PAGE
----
If you are getting ready to purchase a piece of property, your lawyer will have a title search done on the property before anyone commits to the purchase. This is done for a number of different reasons, and those reasons are to protect your interest as the buyer. Without searches of land titles, there could be issues years down the road that could put you in a difficult position. This article will explain what a title search is, and why it is vital to your transaction.
What is a Title Search?
A title search is looking for any issues, encumbrances, and title deficiencies that may be attached to the property. It will state who legally owns the property, who owned it in the past, and what entities, if any, have liens attached to the property.
A title search will also confirm that there were no unsolicited mortgages on the property, or any other kind of fraudulent activity.
What Information is Provided After a Title Search?
A full title search will provide your lawyer with a detailed account of the property, including:
- The name of the current owners
- How title to the property is held. This is important because if only one person is listed as the seller, but a title search lists other owners, the property can't be sold unless all owners of the property agree.
- Easements on the property. An easement is a right to access the property. This could be for utility purposes, or a right of way to allow someone to cross the property to obtain access to an attached piece of land.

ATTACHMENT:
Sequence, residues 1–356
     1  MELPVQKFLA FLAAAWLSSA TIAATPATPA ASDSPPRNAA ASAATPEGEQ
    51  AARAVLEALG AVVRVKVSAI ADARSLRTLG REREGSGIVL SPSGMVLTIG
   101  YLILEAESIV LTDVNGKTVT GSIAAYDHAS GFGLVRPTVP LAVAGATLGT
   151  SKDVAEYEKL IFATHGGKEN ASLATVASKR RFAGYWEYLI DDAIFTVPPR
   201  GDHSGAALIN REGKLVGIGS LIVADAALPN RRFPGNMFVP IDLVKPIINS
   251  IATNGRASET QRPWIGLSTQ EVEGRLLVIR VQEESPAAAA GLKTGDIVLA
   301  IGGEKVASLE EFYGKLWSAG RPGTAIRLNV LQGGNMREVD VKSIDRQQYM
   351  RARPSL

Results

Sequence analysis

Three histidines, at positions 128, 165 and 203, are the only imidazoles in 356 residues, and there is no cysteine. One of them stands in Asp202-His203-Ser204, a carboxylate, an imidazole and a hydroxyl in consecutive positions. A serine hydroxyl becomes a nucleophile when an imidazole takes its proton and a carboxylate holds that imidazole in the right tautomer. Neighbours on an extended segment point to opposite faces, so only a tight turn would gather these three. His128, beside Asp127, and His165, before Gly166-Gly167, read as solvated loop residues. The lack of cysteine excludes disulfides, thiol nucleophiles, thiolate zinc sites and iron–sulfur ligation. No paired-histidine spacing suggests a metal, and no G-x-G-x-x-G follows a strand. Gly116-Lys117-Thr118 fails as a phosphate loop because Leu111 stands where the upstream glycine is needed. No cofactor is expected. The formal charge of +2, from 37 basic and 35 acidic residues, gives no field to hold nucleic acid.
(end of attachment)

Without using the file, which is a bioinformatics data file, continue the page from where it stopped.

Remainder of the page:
What Type of Issues Are Found on a Title Search?
A title search could come up perfectly clean, allowing the transaction to move forward. However, there are instances when title searches have produced problems with titles that need to be resolved before closing. Common title issues can include the following:
- Omissions or errors in the deed. This could mean a number of different things, but usually these mistakes are typographical errors, or omissions of an entire section of the legal description.
- Mistakes in previous examination of records. This means that an error on the deed could have been from a transaction 10 years ago, and a title search done after the deed was filed still did not reveal the error.
- Forgery. Simply put, someone may have entered into a transaction on the current owner's behalf without the person's knowledge.
- Undisclosed heirs. A previous owner's last will and testament could reveal the property in question was bequeathed to someone other than the current owner and seller.
- Unpaid taxes, liens, and old mortgages that were never paid off.
If there are any issues after conducting a title search, work with your real estate lawyer on how to revolve those problems.